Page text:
SHAFAQNA -Â A Belgian imam has urged Muslims not to observe the ritual slaughter or Udhiyah during this year’s `Eid Al-Adha, in a protest against the government’s decision to ban religious slaughter without stunning.
Muslims should â€œeither send the same sum of money to those who do not have the means to make their religious sacrifice, or spend that money profitably (i.e. finance projects here in Belgium),â€ Khaled Harra, the imam of the Forest Mosque, said in a statement cited by Morocco World News on Saturday, August 29.
The opinion was expressed in protest against the latest decision by the Ministry of Animal Welfare in Flanders and Wallonia in Belgium to ban religious slaughter without stunning.
Affecting both Muslims and Jews, the decision was protested by the Muslim community, demanding their right to slaughter rams during `Eid Al-Adha in the halal method.
The imam deplored the new regulations by the Belgian government as discriminatory.
â€œWe pay our taxes! And for farmers who are in crisis, this represents a significant revenue, right?â€ the imam questioned.
â€œWe feel increasingly stigmatized. Every time, we feel that these laws target Muslims. One can sense a growing Islamophobic climate,” he added.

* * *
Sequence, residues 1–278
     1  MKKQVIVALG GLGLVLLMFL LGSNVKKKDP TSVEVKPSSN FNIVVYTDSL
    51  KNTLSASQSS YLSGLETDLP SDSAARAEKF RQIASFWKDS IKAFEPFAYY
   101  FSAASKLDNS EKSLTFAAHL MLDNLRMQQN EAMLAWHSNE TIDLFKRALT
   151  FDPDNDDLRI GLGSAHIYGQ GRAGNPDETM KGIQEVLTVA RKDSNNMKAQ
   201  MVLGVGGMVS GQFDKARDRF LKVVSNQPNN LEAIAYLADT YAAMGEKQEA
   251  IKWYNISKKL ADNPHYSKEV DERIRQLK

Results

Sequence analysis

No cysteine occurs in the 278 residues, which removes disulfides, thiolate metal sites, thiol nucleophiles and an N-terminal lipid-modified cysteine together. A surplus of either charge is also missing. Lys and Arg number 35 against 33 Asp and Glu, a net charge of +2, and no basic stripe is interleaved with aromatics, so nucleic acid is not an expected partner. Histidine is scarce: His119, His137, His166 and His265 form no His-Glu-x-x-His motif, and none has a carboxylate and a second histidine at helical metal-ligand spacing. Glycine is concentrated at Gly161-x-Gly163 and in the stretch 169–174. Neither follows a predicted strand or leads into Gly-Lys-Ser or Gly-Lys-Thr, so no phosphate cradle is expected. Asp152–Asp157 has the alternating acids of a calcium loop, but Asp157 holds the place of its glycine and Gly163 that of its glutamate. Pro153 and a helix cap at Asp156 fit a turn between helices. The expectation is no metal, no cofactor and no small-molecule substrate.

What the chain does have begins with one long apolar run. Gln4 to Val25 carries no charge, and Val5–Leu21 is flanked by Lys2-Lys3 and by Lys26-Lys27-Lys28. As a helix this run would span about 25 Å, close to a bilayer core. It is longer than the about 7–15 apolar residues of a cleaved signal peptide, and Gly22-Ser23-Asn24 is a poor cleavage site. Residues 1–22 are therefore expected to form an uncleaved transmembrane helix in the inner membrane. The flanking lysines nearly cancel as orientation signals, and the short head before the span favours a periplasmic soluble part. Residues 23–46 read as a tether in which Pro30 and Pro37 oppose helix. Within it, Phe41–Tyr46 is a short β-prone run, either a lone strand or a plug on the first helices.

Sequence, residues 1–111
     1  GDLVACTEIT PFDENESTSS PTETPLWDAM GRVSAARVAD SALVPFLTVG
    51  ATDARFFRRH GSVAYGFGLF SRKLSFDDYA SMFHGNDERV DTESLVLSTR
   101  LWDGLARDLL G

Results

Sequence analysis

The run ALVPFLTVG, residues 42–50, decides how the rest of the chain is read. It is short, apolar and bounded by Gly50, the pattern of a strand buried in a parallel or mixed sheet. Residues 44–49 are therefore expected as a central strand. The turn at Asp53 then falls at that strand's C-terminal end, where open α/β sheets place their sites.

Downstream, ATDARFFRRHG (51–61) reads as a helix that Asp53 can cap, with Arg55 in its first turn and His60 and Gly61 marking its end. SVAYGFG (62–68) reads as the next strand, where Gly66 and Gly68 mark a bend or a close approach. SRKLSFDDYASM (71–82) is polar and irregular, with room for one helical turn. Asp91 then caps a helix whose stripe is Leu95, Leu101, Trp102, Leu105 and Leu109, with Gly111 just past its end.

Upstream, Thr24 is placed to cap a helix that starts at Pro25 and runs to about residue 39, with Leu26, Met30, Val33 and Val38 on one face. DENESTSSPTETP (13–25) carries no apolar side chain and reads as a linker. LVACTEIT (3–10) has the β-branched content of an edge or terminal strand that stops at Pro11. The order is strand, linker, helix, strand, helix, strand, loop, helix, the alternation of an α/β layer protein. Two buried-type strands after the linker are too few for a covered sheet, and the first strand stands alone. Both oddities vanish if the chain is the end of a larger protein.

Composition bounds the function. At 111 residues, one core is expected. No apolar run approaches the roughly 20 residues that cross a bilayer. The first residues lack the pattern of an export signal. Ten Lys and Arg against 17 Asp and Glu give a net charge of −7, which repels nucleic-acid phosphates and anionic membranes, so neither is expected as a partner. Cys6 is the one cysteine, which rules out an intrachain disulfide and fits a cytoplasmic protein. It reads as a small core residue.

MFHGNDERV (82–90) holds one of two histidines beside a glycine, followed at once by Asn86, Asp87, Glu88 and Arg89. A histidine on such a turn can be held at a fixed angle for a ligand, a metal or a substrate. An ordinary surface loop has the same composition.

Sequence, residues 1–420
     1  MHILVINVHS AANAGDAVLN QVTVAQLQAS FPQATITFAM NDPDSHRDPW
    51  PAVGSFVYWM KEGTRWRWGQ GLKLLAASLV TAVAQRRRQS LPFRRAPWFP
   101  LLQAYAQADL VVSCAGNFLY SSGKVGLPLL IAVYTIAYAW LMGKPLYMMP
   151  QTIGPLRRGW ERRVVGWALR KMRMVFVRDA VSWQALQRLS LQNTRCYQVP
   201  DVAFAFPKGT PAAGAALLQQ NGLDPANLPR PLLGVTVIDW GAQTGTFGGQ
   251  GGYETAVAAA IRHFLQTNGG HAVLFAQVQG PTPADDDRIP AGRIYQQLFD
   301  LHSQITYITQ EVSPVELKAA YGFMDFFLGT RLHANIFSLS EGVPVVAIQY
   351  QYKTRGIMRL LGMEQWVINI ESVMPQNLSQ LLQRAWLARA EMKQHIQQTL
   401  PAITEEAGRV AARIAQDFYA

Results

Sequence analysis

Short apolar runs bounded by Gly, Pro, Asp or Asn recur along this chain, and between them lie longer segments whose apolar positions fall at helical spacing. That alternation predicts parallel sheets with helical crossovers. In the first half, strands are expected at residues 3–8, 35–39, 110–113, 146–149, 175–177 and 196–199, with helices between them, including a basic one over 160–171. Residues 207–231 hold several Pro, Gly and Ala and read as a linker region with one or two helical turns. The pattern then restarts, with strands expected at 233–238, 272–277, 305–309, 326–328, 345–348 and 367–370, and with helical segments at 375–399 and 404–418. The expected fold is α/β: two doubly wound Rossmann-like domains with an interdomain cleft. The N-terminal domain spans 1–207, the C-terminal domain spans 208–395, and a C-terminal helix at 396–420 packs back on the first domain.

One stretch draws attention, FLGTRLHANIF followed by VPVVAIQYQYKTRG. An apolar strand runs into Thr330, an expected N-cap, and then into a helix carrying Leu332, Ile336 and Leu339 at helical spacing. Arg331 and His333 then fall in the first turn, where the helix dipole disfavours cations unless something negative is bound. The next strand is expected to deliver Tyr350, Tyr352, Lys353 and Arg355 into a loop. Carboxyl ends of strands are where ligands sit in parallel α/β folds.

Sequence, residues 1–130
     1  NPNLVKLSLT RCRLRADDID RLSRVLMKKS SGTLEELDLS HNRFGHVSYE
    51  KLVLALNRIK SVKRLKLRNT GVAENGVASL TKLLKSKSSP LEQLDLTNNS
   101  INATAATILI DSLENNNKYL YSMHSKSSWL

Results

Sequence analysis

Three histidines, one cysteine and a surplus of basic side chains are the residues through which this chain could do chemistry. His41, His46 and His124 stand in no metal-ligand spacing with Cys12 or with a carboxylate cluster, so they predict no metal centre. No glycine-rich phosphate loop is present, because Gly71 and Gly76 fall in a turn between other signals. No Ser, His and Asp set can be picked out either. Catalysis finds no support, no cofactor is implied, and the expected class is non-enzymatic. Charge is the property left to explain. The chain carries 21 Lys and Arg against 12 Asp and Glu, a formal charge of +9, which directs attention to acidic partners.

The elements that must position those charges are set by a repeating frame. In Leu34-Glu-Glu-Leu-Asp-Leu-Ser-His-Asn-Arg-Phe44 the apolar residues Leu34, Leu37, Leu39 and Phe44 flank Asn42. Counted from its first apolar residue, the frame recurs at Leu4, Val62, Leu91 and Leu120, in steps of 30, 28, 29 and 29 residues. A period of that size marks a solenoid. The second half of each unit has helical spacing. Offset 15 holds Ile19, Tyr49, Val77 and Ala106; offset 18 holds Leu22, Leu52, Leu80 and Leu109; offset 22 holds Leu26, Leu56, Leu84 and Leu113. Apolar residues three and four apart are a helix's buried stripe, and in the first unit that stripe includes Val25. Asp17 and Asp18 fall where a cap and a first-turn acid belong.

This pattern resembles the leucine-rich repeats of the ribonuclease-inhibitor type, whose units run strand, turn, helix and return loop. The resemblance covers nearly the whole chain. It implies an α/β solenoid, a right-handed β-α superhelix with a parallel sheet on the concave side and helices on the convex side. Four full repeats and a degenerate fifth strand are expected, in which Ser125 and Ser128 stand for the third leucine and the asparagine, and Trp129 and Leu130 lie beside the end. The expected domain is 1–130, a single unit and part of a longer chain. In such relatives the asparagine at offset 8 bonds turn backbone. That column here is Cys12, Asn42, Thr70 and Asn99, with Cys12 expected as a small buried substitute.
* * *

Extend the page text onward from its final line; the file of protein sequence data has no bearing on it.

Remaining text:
By not making the sacrifice, the imam hopes to penalize farmers and push the government to react.
Belgian Muslims are estimated at 450,000 â€“ out of a 10-million-population â€“ about half of them are from Moroccan origin, while 120,000 are from Turkish origin.
Udhiyah or animal sacrifice, a ritual that reminds of the great act of sacrifice Prophet Ibrahim and his son Isma`eel were willing to make for the sake of God.
A financially-able Muslim sacrifices a single sheep or goat or shares six others in sacrificing a camel or cow as an act of worship during the four-day `Eid Al-Adha.
The Udhiyah meat should be divided in three equal parts, one each for one’s own family, friends and the poor.
It is permissible that someone in another country could perform the sacrifice on one’s behalf.
According to the Islamic and Jewish ritual, the animal is slaughtered by a sharp blade.
The concept of halal, — meaning permissible in Arabic — has traditionally been applied to food.
Muslims should only eat meat from livestock slaughtered by a sharp knife from their necks, and the name of Allah, the Arabic word for God, must be mentioned.
Muslim scholars agree that Shari`ah provides a divine law of mercy that should be applied on all Allahâ€™s creations, including animals.
Islam also provides details about avoiding any unnecessary pain.